Wednesday, October 25, 2006

Citizen newsgathering | stomp

Jon Stewart has something to say about Stomp - I mean, CNN's new I-report, whereby everyone is recruited to become a CNN reporter.

The BBC editors' blog - have I mentioned that I really do love their blogs? - also wrote about the idea of citizen journalism.

Essentially, they make an important distinction between citizen newsgathering, and citizen journalism. Stomp - newsgathering. Yawningbread, Backfence, Singaporeheritage, - citizen journalism. Newsgathering is just that - getting news and reports in - or out. Journalism - refers to sorting out the story, and analysing it, ultimately producing something that needs to be recorded and presented.

History's sort of like that. You get a stack of materials, from shopping receipts to court records, and while the part about the chancellor caught in flagrant delicto with the tortoise is undoubtedly hilarious, it doesn't do anything for the overall story, nor is it particularly earthshaking. (Unless it involves the phrase Chelonius Mobilus, and that's a whole new planet. Literally) So you leave it out.

In fact, the recent efforts by the National Heritage board have reminded me of this important distinction. With webbies and programs like and the Family tree project, and the NLB's decision to archive websites - well, what the NHB is doing to essentially citizen heritage resource gathering. (That's a damn clumsy phrase, I admit.) They're gathering records for the future and the present, sending citizen heritage/memory gatherers into past. And eventually, a historian will put it together, and write up these little histories.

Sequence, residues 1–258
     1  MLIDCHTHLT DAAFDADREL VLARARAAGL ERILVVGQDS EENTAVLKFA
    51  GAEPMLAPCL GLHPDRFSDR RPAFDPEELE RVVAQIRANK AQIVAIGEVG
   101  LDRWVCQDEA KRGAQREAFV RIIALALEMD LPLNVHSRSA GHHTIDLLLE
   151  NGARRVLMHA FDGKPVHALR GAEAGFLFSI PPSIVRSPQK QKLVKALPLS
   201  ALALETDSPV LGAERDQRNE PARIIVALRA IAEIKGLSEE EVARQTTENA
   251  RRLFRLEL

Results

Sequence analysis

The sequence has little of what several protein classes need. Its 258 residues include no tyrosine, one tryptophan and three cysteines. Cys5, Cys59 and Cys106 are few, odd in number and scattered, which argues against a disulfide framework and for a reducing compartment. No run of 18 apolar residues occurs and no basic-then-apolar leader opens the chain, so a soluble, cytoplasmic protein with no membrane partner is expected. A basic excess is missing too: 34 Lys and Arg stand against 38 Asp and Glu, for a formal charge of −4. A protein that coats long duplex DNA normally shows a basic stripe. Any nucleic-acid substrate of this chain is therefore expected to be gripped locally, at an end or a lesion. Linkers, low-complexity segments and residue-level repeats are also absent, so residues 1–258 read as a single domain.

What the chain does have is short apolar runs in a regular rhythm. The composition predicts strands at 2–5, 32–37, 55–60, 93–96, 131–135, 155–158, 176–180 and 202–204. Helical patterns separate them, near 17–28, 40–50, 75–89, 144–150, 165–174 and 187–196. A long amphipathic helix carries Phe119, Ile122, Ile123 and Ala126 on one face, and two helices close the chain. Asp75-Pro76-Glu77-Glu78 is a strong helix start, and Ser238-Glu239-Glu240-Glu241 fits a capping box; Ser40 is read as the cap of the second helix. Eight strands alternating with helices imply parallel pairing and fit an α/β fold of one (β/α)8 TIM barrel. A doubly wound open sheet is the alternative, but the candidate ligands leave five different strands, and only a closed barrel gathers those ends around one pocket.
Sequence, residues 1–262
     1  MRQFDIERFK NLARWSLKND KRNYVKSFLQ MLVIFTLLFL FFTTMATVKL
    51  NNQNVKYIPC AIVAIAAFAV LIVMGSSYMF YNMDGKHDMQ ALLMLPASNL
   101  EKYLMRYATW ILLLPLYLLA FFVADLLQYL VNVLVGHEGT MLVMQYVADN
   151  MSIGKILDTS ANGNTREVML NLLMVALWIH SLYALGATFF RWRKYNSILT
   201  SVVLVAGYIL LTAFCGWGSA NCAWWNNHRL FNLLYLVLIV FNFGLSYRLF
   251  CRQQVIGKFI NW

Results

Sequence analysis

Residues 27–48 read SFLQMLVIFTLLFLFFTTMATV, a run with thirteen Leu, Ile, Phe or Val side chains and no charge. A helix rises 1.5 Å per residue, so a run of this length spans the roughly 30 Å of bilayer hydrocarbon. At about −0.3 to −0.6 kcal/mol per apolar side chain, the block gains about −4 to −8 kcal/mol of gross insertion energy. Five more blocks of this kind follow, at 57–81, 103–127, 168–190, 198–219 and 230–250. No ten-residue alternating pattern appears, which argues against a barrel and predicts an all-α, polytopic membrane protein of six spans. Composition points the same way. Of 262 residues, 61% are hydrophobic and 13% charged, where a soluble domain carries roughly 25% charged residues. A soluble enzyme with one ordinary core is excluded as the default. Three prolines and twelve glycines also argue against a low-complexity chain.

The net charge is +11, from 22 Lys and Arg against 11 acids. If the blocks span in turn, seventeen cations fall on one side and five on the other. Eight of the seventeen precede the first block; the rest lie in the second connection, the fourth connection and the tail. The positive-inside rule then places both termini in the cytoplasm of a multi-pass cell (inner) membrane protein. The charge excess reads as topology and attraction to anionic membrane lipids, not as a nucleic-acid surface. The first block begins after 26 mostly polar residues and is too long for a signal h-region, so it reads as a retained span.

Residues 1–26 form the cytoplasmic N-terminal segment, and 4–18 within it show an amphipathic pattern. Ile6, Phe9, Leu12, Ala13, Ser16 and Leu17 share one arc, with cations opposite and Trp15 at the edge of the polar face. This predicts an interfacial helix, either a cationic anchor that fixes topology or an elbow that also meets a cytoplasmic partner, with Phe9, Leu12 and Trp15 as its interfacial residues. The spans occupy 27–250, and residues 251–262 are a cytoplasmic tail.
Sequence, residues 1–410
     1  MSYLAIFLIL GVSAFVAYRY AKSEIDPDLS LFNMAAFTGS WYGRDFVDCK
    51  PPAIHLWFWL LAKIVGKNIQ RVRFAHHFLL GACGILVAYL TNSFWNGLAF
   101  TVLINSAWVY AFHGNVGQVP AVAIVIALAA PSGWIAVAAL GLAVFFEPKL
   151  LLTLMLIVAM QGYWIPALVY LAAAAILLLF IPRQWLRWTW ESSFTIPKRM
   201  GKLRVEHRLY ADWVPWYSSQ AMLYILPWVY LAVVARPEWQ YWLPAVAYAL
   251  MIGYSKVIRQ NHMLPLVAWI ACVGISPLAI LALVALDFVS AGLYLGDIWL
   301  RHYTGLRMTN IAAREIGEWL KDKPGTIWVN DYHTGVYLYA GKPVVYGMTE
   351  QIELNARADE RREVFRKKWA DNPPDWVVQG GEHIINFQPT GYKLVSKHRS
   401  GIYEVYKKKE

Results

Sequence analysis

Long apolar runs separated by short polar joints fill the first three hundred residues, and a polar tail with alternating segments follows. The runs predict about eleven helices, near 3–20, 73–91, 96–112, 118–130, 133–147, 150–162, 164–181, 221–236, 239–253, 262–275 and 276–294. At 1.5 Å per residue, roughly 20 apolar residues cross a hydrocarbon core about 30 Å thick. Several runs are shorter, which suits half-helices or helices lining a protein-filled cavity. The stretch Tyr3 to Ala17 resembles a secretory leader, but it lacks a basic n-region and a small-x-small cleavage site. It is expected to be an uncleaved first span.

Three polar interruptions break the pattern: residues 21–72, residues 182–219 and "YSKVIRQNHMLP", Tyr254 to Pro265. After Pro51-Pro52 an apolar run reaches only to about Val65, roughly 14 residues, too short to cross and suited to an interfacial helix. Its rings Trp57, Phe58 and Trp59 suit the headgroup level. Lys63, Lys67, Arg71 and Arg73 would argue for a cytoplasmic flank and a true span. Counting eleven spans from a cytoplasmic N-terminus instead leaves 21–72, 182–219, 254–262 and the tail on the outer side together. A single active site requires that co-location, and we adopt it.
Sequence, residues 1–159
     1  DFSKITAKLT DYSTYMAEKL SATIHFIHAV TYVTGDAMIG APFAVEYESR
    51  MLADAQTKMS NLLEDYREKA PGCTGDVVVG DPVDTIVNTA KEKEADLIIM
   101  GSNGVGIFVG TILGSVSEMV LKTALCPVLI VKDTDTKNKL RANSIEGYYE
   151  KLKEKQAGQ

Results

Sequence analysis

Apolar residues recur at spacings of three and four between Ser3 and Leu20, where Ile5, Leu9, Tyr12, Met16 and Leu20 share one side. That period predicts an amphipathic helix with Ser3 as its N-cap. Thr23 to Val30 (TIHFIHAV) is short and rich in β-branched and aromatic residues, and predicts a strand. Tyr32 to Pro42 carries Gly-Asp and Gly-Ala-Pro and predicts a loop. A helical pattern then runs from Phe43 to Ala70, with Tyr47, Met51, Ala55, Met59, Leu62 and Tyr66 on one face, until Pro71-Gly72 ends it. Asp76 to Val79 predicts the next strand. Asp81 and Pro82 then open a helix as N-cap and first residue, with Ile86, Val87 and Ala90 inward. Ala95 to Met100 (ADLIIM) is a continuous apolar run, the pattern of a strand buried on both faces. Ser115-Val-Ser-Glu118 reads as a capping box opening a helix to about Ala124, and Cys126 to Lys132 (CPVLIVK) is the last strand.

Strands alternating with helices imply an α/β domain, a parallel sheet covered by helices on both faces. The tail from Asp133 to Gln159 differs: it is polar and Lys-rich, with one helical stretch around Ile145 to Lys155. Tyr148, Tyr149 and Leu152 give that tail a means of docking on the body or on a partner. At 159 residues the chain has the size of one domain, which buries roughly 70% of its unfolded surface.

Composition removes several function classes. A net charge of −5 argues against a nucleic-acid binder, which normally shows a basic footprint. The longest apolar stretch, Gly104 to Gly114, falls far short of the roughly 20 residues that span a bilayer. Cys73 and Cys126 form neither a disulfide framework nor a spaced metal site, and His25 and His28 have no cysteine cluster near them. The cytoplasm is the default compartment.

There's also a point that the BBC makes, that I think historians can empathise with. Much has been written recently about the threat that blogs and citizen journalism pose towards the traditional media - both from insecure bloggers and equally insecure MSM. (I'm not going to discuss the Singapore context here) However, it's worth noting that BBC, arguably the veteran of MSM, doesn't quite share the concerns of lesser newsbeings, and in fact has taken the simple stand that there isn't a threat - and in fact, that they complement each other.

Historians don't regard citizens as a threat - why should the BBC?

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